What is in YOUR bag?

Two Sets of tape (white, black, clear, grip), wax, spare laces (96″ and 108″), hand warmers, smelling salts, rub sticks, skate stones, Blademaster Lil’ Red edge tool, 4 screw drivers, 2 nut drivers, 2 pairs of pliers, spare Bauer steel for the Edge and Lightspeed System, spare helmet and skate parts, cough drops, a pack of Extra Classic Bubble Gum, 2 towels, extra dry erase markers, extra pens, 2 pairs of scissors, Tape Tiger, Sewing Kit, Sewing Awl ready with wax thread, and a set of spare toe straps for Jon Gillies goalie pads.

Typical Day for Me

On a typical practice day I’ll work out in the morning and then get to the rink around 9:00 a.m. depending on how many repairs still need to be done from the previous day. The first thing I’ll do is start the laundry for the strength room sweat towels while I tie up loose ends from the previous day.

After that, I’ll check the mailbox and process any paperwork/invoices that need to be taken care of before checking my e-mail to get the days practice plan from coach Leaman and set the player jersey’s accordingly and then it’s lunch time. The guys start to come in around 12:30 p.m. and the girls start to arrive around 2:30 p.m., and we stand by in case any sharpening or repairs need to be done. As soon as the men get done at 4 p.m, their Jersey’s go in the wash, once everybody is done cold tubbing and getting treatments in the training room the under gear and towels go in the wash.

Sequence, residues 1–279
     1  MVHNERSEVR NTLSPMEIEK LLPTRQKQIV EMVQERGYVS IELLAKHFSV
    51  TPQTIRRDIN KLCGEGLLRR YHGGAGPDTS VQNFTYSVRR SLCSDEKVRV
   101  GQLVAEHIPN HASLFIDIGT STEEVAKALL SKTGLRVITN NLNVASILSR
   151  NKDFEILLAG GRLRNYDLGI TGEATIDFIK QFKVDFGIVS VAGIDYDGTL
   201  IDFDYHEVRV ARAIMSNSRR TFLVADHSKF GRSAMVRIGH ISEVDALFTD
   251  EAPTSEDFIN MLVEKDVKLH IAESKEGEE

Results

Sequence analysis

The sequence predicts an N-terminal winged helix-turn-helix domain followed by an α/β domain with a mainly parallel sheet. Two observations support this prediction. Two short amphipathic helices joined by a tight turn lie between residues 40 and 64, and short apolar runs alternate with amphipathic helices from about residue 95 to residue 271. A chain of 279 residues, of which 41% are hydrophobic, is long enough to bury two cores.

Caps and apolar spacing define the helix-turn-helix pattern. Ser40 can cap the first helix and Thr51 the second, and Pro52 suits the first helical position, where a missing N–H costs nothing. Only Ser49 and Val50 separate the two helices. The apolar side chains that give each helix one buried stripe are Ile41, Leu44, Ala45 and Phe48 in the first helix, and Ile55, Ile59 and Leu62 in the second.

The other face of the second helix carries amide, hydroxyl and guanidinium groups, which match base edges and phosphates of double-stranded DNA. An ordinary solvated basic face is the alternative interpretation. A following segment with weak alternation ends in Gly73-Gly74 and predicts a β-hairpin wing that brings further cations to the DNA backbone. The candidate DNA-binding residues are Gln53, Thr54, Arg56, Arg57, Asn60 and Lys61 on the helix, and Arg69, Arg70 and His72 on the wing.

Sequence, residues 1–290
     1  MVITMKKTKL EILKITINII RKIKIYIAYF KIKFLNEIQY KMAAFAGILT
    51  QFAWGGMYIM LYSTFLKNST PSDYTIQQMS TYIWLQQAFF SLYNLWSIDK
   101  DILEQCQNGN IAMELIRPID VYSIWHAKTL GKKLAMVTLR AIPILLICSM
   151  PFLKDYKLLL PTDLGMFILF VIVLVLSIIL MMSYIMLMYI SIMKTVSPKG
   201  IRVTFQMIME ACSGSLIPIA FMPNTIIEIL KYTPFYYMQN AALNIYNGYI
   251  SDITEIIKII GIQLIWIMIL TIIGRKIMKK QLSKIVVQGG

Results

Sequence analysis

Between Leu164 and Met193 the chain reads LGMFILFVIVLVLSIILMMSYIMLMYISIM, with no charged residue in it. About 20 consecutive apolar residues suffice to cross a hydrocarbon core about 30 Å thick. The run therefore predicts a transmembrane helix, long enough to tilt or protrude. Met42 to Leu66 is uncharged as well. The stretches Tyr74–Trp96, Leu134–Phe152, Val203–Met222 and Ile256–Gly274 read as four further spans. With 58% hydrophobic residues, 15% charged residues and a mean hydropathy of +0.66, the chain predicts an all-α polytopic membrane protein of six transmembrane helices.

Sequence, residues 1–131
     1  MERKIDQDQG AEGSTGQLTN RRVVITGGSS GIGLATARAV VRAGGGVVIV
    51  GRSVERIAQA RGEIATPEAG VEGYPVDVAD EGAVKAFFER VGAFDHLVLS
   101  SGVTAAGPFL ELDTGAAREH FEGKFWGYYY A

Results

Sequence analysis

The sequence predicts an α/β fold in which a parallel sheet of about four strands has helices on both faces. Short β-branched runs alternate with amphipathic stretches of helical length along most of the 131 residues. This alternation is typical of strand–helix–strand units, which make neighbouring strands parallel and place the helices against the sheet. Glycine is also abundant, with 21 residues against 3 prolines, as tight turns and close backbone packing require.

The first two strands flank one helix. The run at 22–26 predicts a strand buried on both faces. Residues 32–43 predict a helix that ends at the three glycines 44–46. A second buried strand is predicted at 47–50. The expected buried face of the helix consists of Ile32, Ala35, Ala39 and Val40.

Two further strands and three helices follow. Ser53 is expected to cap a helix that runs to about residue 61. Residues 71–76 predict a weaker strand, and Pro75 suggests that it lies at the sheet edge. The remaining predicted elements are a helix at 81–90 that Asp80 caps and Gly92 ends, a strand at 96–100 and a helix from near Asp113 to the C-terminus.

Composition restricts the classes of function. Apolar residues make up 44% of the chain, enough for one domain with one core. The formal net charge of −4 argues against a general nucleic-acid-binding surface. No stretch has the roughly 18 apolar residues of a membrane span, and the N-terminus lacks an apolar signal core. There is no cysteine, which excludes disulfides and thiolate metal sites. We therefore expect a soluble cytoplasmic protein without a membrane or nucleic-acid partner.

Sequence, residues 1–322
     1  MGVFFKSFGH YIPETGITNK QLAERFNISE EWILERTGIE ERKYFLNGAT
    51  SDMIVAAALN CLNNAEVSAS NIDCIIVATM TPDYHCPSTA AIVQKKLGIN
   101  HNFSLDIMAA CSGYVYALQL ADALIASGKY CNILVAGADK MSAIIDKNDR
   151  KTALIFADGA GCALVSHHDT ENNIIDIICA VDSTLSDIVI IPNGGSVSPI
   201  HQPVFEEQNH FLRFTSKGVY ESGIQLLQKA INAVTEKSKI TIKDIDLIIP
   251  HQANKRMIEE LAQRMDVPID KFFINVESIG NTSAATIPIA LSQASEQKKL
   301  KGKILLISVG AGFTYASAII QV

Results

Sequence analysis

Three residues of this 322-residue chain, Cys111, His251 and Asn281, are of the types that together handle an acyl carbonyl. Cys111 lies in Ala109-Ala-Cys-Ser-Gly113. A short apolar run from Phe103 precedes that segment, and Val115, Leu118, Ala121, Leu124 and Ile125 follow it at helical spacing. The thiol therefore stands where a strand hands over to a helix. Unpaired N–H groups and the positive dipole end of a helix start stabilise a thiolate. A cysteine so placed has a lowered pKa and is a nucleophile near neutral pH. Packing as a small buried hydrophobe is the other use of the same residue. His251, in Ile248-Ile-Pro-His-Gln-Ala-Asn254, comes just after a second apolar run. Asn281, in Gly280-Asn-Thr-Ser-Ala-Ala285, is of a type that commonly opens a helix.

We do the same thing for the women when they finish at 6:00 p.m. The laundry for hockey is usually totally done by 8:00 p.m. Lacrosse has an evolving practice schedule and changes throughout the week based on player class schedules, sometimes they don’t leave until 8:30 p.m. and I will come back to the rink after my classes end at 9:30 pm to finish their laundry and make sure they are ready for the next day. We sharpen all the skates and try to do all the repairs while we do laundry so we can start with a clean slate in the morning.

Game days are much longer, I usually start around 9:00 a.m. If we’re at home I won’t leave until about midnight, if coming back from a road trip I’m usually here until 1:30 a.m. – 3:00 a.m. depending on who we played that night.

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Favorite League Road Trip:

University of Vermont

Favorite College Road Trip:

University Of Wisconsin

Best Visitor Set Up:

Northern Michigan University


Interview with Iggy Tarajos: Dartmouth Hockey Equipment Manager

We had the pleasure to interview Dartmouth College Hockey Equipment Manager Iggy Tarajos. He had some great insights as to what it’s like being an equipment manager at college hockey’s highest level.

Iggy Tarajos

1. What’s your background as a player and equipment manager? What made you decide to be an equipment manager?